Back to Futurism

by Neil Watson

Although it certainly cannot be said that Futurism is unknown, I think it is true to say that it has not permeated the public consciousness to the same extent as other twentieth century art movements, possibly due to its brief period of existence. However, Constructivism and Abstraction in its various forms would not exist without Futurism; it is an essential stepping stone in the evolution of art and, in my opinion, Futurist artworks exhibit a purely aesthetic beauty that can be absent from those emanating out of successive movements.

I was fortunate enough to attend the major exhibition ‘Le Futurisme à Paris’, held at the still-controversial Centre Pompidou in Paris late last year. I was there for a trade fair connected to my work, but decided to couchsurf over the weekend with the delightful Ganit, an Israeli lady living not far from the Père Lachaise Cemetery. She knew of my interest in art, so we discussed the various exhibitions taking place and decided that this would be particularly good. She also invited her Algerian-born friend Yasmine, who works for a government agency and was thus able to invite me, free of charge, to the exhibition. It was great to view the exhibition with two genuinely interested people with long attention spans who wanted to absorb the 200 exhibits and periodically discuss their reactions.

Even the design of the exhibition was designed to evoke the spirit of the cityscapes painted by the Futurists. The central space amongst the rooms represented a town square; just off this was a red-walled room housing a reconstruction of the Italian Futurist exhibition held at Bernheim-Jeune & Cie in 1912, whilst the adjacent streets each led to rooms dedicated to Cubo-Futurist movements.

Rejecting the past

The major impetus behind the exhibition was the forthcoming centenary of the movement, which evolved amongst a group of Italian artists, dramatists, philosophers and poets living in Paris. The movement was formally launched on the front page of Le Figaro, dated 20 February 1909, with the publication of the Futurist Manifesto, written by the poet and dramatist Filippo Marinetti (1876–1944). Marinetti’s manifesto was inflammatory, and is regarded as representing the birth of the avant-garde. He stated: ”Art [...] can be nothing but violence, cruelty, and injustice. […] We want no part of it, the past. We will fight with all our might the fanatical, senseless and snobbish religion of the past, a religion encouraged by the vicious existence of museums. We rebel against that spineless worshipping of old canvases, old statues and old bric-a-brac, against everything which is filthy and worm-ridden and corroded by time. We consider the habitual contempt for everything which is young, new and burning with life to be unjust, and even criminal.”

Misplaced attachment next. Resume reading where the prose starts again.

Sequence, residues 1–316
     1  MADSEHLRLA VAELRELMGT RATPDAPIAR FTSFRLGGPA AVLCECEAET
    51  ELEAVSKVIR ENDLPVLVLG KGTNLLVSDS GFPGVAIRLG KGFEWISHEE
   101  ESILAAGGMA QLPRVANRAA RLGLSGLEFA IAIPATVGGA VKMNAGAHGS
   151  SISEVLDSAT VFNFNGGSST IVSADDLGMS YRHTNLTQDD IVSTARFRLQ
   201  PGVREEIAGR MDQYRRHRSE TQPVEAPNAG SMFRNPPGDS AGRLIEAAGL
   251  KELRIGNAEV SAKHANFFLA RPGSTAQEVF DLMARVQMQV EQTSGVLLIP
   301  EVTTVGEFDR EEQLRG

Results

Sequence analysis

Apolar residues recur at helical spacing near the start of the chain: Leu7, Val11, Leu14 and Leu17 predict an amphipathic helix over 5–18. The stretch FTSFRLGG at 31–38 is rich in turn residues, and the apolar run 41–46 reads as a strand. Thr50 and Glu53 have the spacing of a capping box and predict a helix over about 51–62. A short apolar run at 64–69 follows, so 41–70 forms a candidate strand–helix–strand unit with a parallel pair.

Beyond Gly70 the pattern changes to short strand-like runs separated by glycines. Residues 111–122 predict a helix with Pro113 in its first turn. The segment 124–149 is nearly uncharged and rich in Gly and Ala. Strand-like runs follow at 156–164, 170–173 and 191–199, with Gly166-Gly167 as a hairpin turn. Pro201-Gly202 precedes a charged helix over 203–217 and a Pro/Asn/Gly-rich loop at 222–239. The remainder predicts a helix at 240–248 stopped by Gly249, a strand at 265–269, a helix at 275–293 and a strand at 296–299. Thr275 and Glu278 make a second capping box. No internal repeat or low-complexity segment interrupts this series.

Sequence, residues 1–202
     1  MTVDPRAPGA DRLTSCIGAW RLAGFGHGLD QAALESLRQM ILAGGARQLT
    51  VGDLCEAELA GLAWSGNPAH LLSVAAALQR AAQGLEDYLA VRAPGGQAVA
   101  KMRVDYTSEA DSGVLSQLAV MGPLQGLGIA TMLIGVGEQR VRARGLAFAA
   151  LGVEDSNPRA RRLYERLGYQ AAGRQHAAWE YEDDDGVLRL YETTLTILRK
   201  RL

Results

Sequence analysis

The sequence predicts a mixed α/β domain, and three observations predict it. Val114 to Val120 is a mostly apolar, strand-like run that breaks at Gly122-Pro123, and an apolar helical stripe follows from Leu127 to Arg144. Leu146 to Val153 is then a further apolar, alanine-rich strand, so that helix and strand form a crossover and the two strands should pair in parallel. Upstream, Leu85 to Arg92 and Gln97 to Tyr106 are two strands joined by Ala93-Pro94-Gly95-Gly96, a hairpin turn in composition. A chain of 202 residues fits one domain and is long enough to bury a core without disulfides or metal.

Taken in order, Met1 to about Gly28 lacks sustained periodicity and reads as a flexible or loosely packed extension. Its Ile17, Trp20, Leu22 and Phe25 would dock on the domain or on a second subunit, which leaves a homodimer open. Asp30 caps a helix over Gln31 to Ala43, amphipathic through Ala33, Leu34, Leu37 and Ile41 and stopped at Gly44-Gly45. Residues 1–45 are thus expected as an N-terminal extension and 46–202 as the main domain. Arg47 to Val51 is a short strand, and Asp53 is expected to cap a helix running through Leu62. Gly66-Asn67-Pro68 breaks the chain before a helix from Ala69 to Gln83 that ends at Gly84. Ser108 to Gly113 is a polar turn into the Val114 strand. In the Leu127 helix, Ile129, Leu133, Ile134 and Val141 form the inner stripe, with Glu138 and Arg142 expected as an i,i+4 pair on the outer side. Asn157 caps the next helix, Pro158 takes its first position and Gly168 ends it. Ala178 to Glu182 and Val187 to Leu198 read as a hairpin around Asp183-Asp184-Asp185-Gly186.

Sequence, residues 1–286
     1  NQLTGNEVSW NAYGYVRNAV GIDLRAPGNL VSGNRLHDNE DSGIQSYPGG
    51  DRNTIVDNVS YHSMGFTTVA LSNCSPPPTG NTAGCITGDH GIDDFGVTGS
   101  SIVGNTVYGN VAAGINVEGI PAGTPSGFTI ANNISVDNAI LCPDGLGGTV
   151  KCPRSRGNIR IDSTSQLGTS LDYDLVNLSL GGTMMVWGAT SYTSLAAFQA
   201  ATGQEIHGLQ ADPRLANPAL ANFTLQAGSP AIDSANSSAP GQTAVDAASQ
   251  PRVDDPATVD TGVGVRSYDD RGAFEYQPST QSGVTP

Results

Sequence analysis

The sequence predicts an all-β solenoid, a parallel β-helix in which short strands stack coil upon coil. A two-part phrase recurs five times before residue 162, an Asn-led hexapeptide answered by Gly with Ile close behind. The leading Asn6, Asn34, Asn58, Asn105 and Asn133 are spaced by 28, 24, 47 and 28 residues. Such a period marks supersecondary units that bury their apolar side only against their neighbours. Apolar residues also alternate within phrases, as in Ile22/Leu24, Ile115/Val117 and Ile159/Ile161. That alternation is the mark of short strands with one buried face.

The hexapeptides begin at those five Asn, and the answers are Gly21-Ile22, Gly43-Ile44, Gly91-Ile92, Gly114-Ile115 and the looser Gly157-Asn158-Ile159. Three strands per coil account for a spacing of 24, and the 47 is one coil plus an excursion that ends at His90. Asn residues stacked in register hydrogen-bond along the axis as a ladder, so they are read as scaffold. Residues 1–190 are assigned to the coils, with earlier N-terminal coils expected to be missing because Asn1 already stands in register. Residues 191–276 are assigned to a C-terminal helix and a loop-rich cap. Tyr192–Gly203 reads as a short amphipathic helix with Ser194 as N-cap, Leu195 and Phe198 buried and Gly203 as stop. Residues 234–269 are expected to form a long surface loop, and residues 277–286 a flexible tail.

The Futurists admired machinery, speed, movement and crowds, representing the technological triumph of humanity over nature. They were also staunchly nationalistic; even Fascist – Marinetti later became a staunch supporter of Mussolini. The first room of the exhibition dealt with the reaction against the prevailing Cubist movement. In particular, they rebelled against the prevalence of the nude in Cubist art, which harked back to traditional art and counteracted the expression of modernity. The 1910 Manifesto for Futurist Painters stated: ”We recommend, for ten years, the total suppression of the nude in painting!”